Johnson regretted the legislature’s opposition to legalizing medical marijuana, decriminalizing possession of small amounts of marijuana, and sending nonviolent first- and second-time offenders to treatment centers instead of prison.


Gov. Mark Schweiker’s (R) budget plan for the next fiscal year would close a loophole in the state’s Medicaid law, which would drop about 7,500 people from the program and save the state about $10 million. Currently, all children with disabilities are allowed to receive benefits through the state’s Medicaid program, called Medical Assistance, regardless of family income.

Under Schweiker’s proposal, the state would allow children with disabilities to receive Medicaid benefits only if their annual family incomes do not exceed $100,000 for a family of four.


The state House and Senate each released budget plans for the next fiscal year. Although very different, both proposals signal the state is poised to ration government services. The Senate plan is more generous than the House plan concerning services to those with mental illnesses. The Senate would restore cuts proposed by former Gov. Jim Gilmore (R) to community-based care programs for the mentally disabled.


Under a bill (SB 6368) passed by the Senate, the state would create a list of “preferred” drugs for many common illnesses and use that list to “negotiate lower prices with drug manufacturers.” The bill is aimed at reducing the state’s $1 billion drug costs during the current two-year budget cycle. In year one, the preferred drug list would apply only to 500,000 Medicaid beneficiaries; thereafter, local governments, private companies, and uninsured residents could participate in the new formulary.

The bill, which still has to pass the House, calls for a panel of doctors and pharmacists to compare similar drugs and choose the cheapest one to put on a list of drugs the state will buy in bulk. The bill would permit doctors to prescribe drugs not on the list. The bill would “eventually” replace a similar prescription drug program that took effect this month.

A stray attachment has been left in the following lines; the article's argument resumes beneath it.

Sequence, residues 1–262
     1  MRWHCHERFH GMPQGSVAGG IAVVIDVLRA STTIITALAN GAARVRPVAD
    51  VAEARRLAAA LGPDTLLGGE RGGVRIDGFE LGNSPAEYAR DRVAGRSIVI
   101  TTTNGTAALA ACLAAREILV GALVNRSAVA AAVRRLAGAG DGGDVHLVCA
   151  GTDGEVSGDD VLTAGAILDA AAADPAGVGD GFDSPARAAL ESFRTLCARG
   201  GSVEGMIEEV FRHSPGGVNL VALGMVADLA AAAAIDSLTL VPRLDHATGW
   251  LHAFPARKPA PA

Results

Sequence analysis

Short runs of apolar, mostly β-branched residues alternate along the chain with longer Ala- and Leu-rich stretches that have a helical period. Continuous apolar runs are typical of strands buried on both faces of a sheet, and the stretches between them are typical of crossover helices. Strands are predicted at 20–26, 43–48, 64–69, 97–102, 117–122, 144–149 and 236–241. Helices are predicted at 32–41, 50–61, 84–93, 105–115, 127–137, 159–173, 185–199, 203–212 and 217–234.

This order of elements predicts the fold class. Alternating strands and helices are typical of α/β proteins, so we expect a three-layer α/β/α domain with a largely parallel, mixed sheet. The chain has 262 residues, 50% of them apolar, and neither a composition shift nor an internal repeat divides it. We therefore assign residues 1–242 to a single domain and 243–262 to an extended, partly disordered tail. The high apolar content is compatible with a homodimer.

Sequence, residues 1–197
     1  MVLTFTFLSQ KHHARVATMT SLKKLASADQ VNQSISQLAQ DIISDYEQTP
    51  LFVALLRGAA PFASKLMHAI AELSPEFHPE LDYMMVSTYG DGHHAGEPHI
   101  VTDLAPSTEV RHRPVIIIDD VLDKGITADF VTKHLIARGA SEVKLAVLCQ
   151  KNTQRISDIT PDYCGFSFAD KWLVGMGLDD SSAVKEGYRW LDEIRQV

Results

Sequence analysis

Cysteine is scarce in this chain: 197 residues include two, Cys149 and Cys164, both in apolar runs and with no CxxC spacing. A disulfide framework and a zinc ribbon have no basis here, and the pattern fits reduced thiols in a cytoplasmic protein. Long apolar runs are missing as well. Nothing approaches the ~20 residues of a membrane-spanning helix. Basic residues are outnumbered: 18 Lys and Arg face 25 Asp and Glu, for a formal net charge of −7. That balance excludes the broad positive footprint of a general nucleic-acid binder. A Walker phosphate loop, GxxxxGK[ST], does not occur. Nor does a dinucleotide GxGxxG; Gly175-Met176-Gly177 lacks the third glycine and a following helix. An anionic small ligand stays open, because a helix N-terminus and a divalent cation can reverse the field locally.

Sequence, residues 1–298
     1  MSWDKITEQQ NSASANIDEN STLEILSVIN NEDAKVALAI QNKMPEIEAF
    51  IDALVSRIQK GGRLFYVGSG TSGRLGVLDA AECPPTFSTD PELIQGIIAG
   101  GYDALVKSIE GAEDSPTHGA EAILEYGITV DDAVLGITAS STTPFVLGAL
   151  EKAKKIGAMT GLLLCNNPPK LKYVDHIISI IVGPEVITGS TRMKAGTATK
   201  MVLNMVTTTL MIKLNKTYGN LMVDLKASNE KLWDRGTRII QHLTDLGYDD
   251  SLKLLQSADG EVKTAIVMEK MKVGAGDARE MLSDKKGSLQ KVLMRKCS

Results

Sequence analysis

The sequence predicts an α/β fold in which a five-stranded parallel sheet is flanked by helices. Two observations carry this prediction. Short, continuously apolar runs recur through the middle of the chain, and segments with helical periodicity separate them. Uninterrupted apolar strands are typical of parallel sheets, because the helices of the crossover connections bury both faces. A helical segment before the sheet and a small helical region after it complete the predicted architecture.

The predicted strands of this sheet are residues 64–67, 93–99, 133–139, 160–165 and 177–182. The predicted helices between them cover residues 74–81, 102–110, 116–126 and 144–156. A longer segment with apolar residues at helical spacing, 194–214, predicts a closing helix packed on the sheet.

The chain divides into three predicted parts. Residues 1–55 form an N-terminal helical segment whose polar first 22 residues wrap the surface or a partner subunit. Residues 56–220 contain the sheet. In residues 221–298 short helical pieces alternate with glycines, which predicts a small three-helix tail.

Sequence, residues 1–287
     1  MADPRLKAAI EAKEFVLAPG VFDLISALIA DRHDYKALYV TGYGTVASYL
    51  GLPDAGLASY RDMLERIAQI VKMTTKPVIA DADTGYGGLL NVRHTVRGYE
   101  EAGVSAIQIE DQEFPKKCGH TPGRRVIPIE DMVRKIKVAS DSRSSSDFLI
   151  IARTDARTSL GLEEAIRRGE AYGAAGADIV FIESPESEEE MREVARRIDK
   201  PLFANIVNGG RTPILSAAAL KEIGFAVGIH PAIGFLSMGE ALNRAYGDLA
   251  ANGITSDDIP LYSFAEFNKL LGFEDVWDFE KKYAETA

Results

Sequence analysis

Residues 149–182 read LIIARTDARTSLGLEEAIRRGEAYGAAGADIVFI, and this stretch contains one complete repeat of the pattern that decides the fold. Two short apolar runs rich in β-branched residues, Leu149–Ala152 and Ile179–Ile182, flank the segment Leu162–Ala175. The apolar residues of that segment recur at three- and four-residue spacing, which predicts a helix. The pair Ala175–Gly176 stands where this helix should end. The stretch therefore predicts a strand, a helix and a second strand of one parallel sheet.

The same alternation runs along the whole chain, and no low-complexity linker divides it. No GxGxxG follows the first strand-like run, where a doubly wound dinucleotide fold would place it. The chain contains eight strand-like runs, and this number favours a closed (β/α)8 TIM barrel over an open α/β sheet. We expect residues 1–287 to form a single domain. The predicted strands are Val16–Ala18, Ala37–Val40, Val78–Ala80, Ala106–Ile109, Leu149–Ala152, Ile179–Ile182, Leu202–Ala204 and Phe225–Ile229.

That program, called “Therapeutic Consultation Service,” limits Medicaid beneficiaries to four brand-name prescriptions per month. If a patient attempts to fill a fifth brand-name prescription in a month, the pharmacist contacts the beneficiary’s physician, who must contact a pharmacist hired by the state for approval.


Gov. Scott McCallum’s (R) proposed budget plan for fiscal year 2003 would eliminate funding for 14 community health centers that provide care for low-income and uninsured people. The clinics have received funding from the state only for the past three years, and McCallum’s budget proposal would cut $3 million in state support next year, leaving the centers reliant on federal support alone. Community center officials have complained that federal aid is not guaranteed, leaving them in a precarious financial position.

The State Legislative Update is compiled from a wide range of news sources, including the Council for Affordable Health Care (CAHI) http://www.cahi.org; the National Association of Health Underwriters (NAHU) http://nahu.org; Bizjournals at http://bizjournals.com; Stateline at http://stateline.org and Lexis/Nexis research.